Coles has annouced that its customer-focused store redesigns have paid off with impressive figures, but where have they come from and where are we going? Kevin Moore, CEO of Crossmark, offers his opinions.

“With Coles annual growth rate reported at 7.3% like for like, just 0.6% behind Woolworths, what we’re really seeing is the fast transformation of a tired retailer.

Beyond the numbers, what we’re really seeing is the results of shoppers interacting in new Coles shopping environments, ones that until recently were in desperate need of some clarity and loving.

Coles is now giving shoppers a better experience as each week passes.

Remember the old days when Coles stores were a little dull? There may as well have been guards at the gates so big were the security barriers at the entrance. And in some stores if you walked back through them an alarm went off! Anyone could have been forgiven for feeling guilty before they event entered a store!

Then there was the cluttered environment. Busy shelves, messy aisles, and messy POS.

And who was Coles anyway? Can you even remember its previous slogan in the shadow of Woolworths the ‘Fresh Food People’ a consistent and well- lead brand that offers its customers ‘fresh ideas’ and whose stores have been brighter, fresher looking and are still positioned as the destination for buying fresh groceries.

Coles has been on a path of recovery. It’s been playing catch-up, but at a far faster speed than anyone expected. But how has it done it?

A few key areas of change are evident in Coles stores today – even before you enter a store. Let’s start with what’s obvious before we enter: the tag line ‘Coles, it all counts.’ While Michael Luscombes team at Woolworths has launched a re-brand, further ensconcing its positioning in shoppers minds as the leading fresh grocer, Ian McLeod and his team wasted no time in his tenure to quickly position Coles as a value destination. The ‘it all counts’ has successfully been incorporated into every piece of customer communication, from TV advertising to website, catalogue and in store signage and dockets.

Then there’s Coles’ brand-new event driven strategy, illustrated by its successful campaign ‘Feed your family for under $10, hosted at present by celebrity chef Curtis Stone.

On walking past your local Coles it’s hard not to notice the smiling chef’s message and succulent food images – and that draws us customers.

They’re also navigated around the store by more event signage, making the shopper experience helpful, efficient and inspirational.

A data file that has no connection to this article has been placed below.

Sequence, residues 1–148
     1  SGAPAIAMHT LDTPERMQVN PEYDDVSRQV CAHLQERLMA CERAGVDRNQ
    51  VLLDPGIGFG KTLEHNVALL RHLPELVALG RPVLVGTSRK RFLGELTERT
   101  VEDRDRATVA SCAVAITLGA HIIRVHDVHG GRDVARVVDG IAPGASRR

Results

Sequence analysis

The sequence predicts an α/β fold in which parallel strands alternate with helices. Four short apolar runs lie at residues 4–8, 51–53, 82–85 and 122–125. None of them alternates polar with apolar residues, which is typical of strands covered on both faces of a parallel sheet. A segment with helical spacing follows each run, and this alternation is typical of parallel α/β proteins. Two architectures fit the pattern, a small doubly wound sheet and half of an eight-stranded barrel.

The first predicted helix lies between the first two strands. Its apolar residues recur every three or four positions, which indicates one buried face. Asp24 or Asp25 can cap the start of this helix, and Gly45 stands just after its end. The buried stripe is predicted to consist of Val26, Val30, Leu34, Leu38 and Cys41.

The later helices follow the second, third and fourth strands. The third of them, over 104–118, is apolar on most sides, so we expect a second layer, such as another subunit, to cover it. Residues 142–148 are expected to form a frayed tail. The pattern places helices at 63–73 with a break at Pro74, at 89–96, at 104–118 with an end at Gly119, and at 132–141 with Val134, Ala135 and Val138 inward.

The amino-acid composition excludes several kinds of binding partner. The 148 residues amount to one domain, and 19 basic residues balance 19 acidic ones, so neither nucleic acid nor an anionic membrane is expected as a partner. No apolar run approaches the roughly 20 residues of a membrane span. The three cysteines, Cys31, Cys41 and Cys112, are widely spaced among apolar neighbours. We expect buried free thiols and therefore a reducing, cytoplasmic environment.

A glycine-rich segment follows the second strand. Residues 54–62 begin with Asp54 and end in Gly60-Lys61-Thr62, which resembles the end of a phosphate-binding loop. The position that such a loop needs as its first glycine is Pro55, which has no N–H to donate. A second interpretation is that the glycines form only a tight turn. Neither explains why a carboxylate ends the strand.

But while you were being wooed by Mr Stone, did you even notice that you entered the store via new wider, barricade-free aisles? I bet you didn’t stop to think. You would have brushed through and into the store more quickly, easily and without hesitation.

No longer does Coles seem guarded and therefore uninviting. On the contrary, you are invited into the store and, what’s more, even greeted at the entry by brilliant displays of bright, fresh flowers.

This is all a significant shift in shopper experience.

And the overall in-store experience is also on the up. In new store formats shelving is lower, aisles appear wider, floors are clean and clutter-free, lights are brighter and pricing is clearer. It’s all evidence of the concerted effort the store is making to differentiate itself from other retailers.

Clearly it’s working and at a time when more retailers are offering us more shopping environments and choices than ever before. As the market sees a boost in competition with the entry of Costco, plus ALDIs and IGAs continuing expansion, retailers will increasingly focus on the areas where they can add value for their own shoppers. They’ll keep them coming back with a shopping environment that these regular shoppers love.

Never forget that Australia, like the US, is a growth market. We have more people arriving each year, spending more money each year. Thats why we remain attractive to our traditional retailers, are a good incubator for innovative growth players like JB HiFi, and are becoming more attractive to new international entrants.”

With a much more exciting retail environment developing domestically, only time will tell whether the consumer focus will be enough to combat the growing new competition and old rival.